- Work vigorously and collaboratively on development with the artistic director
- Timely preparation and content of promotional material for all Singers concerts as approved by the board of directors.
- Production, content and publication of season brochure and concert programs.
- Develop concert production timeline in conjunction with artistic director; coordinate all concert preparations including communication with host facility about equipment availability and setup, ticket sales, concert payment distributions and managing volunteers.
- Work with artistic director to maintain master calendar of rehearsals, concerts, meetings and events.
- Attend board meetings as an ex-officio member.
- Oversee volunteers to ensure that all necessary tasks are completed and all deadlines are met.
- Work with the webmaster to ensure the website stays current by providing board-approved content.
- Survey audiences and monitor audience demographics for analysis and present statistics and evaluation to the board of directors.
- Other duties as assigned by board of directors and a close collaboration with the artistic director.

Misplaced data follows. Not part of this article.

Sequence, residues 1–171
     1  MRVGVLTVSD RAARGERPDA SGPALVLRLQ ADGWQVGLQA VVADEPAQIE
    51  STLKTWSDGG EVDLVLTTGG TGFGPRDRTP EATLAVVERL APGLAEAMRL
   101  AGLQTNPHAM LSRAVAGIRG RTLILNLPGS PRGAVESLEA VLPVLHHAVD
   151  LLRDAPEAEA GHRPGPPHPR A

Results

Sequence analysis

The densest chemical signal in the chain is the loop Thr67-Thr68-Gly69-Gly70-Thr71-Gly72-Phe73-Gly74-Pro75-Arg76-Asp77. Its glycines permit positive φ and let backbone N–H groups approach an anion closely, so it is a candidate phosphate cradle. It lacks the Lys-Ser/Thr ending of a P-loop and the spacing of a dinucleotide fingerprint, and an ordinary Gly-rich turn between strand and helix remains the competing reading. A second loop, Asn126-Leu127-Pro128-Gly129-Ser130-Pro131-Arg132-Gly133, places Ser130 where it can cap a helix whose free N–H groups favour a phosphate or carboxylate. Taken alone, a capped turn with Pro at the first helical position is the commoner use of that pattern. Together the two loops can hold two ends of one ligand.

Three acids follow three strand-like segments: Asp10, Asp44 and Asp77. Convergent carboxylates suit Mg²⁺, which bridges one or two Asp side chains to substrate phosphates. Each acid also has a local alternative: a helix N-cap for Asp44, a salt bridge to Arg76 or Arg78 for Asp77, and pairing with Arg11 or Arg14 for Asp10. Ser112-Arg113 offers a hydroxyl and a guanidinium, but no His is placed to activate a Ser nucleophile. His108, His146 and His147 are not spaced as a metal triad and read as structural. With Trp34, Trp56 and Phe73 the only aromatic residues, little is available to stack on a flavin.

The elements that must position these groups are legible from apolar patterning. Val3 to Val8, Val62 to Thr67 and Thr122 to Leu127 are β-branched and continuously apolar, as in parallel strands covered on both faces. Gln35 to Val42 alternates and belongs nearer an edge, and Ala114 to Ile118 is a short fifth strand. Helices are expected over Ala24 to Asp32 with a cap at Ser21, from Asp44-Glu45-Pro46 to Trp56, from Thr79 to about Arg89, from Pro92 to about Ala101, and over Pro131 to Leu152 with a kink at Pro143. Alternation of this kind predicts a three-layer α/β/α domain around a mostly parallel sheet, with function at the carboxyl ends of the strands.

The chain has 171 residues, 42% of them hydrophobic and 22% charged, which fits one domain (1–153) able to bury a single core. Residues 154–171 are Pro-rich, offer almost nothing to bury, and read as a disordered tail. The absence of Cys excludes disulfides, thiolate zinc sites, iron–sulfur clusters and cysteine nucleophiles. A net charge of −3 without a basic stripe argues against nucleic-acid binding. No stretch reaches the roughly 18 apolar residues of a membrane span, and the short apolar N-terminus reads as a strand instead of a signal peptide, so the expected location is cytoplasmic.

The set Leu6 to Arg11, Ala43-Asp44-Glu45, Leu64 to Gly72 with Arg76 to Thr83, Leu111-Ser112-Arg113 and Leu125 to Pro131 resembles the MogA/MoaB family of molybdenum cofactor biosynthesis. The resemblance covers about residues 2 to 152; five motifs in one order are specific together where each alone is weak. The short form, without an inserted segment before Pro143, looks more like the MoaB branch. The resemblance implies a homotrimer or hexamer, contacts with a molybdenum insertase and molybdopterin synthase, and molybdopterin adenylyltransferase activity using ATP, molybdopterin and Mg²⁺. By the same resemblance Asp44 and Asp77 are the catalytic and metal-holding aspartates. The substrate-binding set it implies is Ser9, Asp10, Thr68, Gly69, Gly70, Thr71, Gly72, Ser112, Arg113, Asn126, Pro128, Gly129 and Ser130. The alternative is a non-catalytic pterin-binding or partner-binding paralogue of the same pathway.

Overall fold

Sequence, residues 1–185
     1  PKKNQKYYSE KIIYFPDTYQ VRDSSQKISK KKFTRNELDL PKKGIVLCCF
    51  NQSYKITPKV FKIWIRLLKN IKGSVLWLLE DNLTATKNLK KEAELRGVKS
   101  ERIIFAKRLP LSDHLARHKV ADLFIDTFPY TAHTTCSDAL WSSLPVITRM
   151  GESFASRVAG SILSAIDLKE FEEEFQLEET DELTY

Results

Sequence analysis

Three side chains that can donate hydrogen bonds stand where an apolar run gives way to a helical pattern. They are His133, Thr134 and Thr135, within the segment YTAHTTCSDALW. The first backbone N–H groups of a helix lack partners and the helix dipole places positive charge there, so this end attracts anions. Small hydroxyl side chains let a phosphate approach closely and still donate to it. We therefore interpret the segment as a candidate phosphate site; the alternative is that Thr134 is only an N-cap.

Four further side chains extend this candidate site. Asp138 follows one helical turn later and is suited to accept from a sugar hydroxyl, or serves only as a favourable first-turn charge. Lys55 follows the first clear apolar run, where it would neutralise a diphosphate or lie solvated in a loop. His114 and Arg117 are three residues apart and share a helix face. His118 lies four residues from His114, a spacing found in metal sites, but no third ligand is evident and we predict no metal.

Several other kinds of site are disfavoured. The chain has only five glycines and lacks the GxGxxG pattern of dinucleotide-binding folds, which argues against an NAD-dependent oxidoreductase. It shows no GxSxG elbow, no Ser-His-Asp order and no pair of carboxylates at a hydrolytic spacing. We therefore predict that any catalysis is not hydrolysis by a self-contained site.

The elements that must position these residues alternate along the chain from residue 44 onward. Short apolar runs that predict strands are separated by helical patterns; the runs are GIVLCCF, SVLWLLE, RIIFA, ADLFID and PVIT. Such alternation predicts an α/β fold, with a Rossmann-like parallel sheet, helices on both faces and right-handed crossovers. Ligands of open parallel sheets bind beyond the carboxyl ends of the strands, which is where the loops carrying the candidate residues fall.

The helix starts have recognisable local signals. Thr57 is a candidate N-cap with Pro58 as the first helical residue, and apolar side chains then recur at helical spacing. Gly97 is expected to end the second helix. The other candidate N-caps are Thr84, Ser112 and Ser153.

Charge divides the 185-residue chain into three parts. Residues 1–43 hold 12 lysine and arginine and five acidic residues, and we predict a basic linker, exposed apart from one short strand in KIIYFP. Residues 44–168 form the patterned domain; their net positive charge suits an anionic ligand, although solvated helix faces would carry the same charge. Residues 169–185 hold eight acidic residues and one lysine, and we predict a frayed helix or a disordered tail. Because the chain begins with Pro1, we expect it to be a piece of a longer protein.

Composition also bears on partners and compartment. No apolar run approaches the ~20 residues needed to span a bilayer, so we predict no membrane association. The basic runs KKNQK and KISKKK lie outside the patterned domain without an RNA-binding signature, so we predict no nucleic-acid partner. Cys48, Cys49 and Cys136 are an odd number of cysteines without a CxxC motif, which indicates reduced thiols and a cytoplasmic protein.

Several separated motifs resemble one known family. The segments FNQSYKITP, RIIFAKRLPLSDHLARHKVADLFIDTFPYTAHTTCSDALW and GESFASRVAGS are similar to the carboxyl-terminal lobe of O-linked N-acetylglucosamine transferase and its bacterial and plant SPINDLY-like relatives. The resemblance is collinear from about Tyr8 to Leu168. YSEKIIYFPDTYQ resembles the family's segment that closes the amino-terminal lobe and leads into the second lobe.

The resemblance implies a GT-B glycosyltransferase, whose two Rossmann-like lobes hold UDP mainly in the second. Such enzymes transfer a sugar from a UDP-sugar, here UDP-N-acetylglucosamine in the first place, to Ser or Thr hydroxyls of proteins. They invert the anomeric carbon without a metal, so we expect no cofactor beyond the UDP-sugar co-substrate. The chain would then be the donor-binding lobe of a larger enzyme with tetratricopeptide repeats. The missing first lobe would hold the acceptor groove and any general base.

Applications will be accepted until the position is filled. To apply, submit a resume and supporting materials by email to email@example.com.
About the Sandlapper Singers
Founded in 1996, the Sandlapper Singers, South Carolina's premier professional choral ensemble, presents American choral music in a uniquely entertaining and engaging style to audiences throughout the state and beyond. The 30-35 voice auditioned ensemble performs an annual subscription series of three concerts presented twice in acoustically superior venues in the Columbia metro area. Directed and co-founded by Dr. Lillian Quackenbush, the Singers specialize in the works of American composers, past and present, offering a delightful mix of both familiar and new music. In addition to beautiful and inspiring singing, the Sandlapper concerts may include a variety of the other arts, visuals, dance, and insightful commentary.